By: Laura Keil

The mission given by Clara Lopeter was simple: build a very small energy-efficient house for about $100,000.

Valemount native Erik Olofsson was up for the challenge.

A Passive House trained builder, Olofsson knew this house would be too small to qualify as a Passive House. But he used a lot of the same techniques to build Lopeter’s home – triple glaze windows, foam insulation, super-thick walls and an air-tight envelope. The house received two certifications – R-2000 and Built Green, Platinum.

The 600sq ft home is now nominated for a Georgie Award from the The Canadian Home Builders’ Association of British Columbia. Georgie Awards recognize excellence and innovation in home-building and renovation.

Olofsson’s work is nominated under the category “Best Affordable Certified Home – Production or Custom.” He’s up against three other contenders in the category, all in the lower mainland. Winners will be announced Feb 27th at a gala in Vancouver.

Olofsson says the Passive House-style construction he used, or certified Passive Houses, are not high-tech in design. It simply takes the construction to the next level in the walls, ceiling, windows, doors, and insulation.

“The vast majority of houses are built to code minimum,” he says. “These houses are using proven building science to build it better.”

Lopeter had just taken some muffins out of the oven last Friday around noon. Her daughter Rhondi Hurlbut was outside shoveling a path from her place to her mom’s. Lopeter’s house is small enough to qualify as a secondary residence on her daughter’s property.

Hurlbut comes in and they recall the time last winter when it was a sunny -35 degree day. Hurlbut’s place, a cute log cabin style home, still felt drafty despite the furnace running at full tilt. Hurlbut dropped by her mom’s to ensure she was warm. She was. In fact, Lopeter had opened the windows because, with the sun shining through the south windows and her indoor heating, it had suddenly become too hot.

Lopeter uses an air source ductless heat pump (not geothermal) to heat or cool her home and also has a heat recovery ventilator, which cools the stale air leaving her house, and warms the fresh air coming in.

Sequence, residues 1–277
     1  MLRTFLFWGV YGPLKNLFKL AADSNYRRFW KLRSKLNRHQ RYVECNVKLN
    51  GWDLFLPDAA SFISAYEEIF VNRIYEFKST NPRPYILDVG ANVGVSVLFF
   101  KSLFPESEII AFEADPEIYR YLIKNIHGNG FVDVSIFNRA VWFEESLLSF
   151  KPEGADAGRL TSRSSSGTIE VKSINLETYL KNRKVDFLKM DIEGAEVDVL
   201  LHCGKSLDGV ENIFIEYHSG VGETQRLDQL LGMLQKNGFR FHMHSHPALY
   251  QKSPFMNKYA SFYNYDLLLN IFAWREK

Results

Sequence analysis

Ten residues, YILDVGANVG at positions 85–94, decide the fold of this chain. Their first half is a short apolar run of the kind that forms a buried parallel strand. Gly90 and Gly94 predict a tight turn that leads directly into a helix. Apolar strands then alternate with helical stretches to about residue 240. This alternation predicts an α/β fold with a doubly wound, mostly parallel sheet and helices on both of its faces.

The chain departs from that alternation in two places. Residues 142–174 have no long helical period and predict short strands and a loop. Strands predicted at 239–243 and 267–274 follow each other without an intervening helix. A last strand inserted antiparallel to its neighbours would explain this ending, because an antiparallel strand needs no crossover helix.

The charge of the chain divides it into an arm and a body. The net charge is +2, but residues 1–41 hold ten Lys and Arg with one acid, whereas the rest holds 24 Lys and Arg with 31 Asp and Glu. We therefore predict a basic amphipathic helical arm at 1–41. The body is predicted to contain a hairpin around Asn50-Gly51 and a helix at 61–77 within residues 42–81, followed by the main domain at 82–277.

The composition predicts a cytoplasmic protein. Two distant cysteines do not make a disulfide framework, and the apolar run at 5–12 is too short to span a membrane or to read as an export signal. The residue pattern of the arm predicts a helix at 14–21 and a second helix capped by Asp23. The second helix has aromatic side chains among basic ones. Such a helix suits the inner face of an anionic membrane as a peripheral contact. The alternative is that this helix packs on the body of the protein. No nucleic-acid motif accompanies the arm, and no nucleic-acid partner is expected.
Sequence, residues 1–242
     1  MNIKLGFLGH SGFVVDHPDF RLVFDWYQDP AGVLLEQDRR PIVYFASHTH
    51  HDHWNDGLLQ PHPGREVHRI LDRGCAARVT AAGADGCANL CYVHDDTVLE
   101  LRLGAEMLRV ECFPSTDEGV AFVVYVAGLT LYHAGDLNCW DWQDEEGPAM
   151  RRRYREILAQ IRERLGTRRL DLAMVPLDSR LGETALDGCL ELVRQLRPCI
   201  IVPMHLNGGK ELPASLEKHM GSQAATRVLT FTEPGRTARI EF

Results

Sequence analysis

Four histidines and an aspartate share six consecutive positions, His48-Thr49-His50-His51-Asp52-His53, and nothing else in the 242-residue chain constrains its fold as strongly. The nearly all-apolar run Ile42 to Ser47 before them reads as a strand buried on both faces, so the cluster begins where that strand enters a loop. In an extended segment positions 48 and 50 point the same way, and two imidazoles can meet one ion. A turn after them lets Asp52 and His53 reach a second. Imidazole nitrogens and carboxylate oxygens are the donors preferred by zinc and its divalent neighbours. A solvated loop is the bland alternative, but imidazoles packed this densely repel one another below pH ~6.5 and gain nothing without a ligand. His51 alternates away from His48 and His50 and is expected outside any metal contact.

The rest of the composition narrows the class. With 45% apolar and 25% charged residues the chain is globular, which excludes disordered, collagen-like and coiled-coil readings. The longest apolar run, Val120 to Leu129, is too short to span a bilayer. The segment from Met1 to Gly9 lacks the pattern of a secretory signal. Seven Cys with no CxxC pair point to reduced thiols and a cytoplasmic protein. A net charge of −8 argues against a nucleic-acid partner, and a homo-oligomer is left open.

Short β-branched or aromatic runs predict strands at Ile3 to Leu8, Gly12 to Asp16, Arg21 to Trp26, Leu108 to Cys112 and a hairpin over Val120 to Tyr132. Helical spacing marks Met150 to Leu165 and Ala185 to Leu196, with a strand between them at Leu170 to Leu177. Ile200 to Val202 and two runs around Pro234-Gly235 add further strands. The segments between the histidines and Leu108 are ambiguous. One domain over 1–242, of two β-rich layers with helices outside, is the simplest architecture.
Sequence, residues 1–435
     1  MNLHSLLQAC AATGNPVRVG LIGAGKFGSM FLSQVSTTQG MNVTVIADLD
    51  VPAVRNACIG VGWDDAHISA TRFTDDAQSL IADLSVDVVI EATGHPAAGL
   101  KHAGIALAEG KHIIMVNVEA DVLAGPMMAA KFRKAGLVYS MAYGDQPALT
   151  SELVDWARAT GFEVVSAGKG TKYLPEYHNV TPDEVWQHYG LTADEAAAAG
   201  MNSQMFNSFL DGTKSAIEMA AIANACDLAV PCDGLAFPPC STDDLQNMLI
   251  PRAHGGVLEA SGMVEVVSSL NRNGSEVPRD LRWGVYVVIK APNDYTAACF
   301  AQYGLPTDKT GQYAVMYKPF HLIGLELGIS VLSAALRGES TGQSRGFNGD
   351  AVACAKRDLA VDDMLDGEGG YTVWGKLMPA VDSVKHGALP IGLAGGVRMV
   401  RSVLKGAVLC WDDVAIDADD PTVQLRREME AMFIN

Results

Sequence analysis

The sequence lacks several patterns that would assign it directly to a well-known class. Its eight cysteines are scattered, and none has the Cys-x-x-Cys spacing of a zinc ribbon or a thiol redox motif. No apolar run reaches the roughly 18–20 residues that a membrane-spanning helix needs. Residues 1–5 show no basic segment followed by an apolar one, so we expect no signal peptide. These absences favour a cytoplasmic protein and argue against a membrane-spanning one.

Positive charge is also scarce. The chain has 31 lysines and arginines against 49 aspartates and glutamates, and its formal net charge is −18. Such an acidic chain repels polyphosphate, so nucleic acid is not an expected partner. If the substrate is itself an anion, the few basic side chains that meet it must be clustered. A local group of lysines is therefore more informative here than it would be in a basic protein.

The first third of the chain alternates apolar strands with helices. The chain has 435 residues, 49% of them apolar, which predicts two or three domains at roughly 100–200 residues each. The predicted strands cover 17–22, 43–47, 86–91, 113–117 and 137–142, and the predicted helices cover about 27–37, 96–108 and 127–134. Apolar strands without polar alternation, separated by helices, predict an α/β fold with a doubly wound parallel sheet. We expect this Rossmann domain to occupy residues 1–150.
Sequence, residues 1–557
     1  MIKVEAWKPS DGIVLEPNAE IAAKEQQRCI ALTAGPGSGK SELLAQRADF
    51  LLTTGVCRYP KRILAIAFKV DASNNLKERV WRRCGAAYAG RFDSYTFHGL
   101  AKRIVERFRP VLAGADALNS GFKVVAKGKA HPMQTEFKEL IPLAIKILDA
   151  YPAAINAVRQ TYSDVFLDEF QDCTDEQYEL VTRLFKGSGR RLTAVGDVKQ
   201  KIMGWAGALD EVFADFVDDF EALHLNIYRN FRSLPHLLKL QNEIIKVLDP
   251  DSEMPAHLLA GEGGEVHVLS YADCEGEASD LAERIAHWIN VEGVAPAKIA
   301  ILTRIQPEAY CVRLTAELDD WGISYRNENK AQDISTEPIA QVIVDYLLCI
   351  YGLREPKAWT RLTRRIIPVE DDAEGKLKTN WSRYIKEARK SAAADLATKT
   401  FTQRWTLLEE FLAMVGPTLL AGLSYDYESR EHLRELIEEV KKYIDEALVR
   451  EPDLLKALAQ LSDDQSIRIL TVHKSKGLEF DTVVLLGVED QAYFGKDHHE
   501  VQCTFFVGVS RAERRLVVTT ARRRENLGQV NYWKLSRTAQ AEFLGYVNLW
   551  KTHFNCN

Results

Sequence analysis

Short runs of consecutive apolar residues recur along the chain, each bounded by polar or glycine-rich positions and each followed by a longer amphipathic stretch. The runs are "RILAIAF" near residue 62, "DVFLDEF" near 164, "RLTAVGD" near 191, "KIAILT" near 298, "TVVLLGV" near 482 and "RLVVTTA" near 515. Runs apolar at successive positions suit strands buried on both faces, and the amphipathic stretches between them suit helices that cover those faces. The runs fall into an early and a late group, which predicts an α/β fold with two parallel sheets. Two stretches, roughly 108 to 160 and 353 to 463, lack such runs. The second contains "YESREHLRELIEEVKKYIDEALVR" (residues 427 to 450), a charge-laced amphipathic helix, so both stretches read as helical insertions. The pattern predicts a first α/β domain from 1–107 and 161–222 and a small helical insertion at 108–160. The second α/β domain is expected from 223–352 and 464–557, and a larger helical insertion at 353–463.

On Friday the heat fans out from the heat pump as hot as it would from a fireplace. The only fireplace, however, is on the TV. The TV stand? Modeled on an antique stove.

The sun hitting the south facing windows also brings in a lot of warmth during the day. The windows are a net energy gain, meaning that over the course of a year, they bring in more energy than they lose.

Because of the thermal envelope of the house being air-tight, the house needs a good ventilation system. Instead of air creeping in through cracks, all air entering the house comes through a filtered heat recovery ventilator. This means the air quality in her place is much higher, and she’s spending less energy heating cold air from outside.

As a backup, she does have electric baseboard heaters, and uses propane for her on-demand hot water tank. All her appliances are high-efficiency.

Another benefit for Lopeter is that the house is all on one level – even the shower is completely accessible with no curb between the floor and the shower.

Olofsson is passionate about building green homes and says a lot of homeowners and builders may not be aware of the options today. He says a lot of people will stick to what’s familiar. But with energy prices rising, he believes more people will see the financial case for super efficient homes. It’s also greater accountability for the builder.

“If you go to a car lot, by law that car has to have a sticker with exact emissions and fuel consumption; but if you buy a house and you ask the builder how much it will cost to heat/cool, he/she won’t have a clue, because they don’t model the house. With Passive Houses, we model the house, so at the design stage we’re able to say, ‘You’ll use this much per year per square foot.’ It’s remarkably accurate.”

He also remarks that buildings are one of the biggest contributors to global climate change, contributing to about half of emissions in North America due to demands like heating and cooling.

A Passive House or Passive-style home will generally cost about 10% more than code minimum to build. But he emphasizes that the savings begin immediately, and more than cover the extra payments you’d make in a bigger loan.

“As a builder that’s trying to sell houses, I’d like to emphasize that it’s doable. It’s not exotic. You don’t have to be afraid it will cost you a bunch of money.”

A Passive House is designed to use 90 per cent less energy than a typical older code minimum house and about 70 per cent less energy than a brand new code-minimum house. Lopeter’s house uses 50 per cent less than a similar code minimum house, according to Olofsson’s calculations.

The proof is in the pudding – or in this case Lopeter’s BC Hydro bill. It was $60 for the past two months.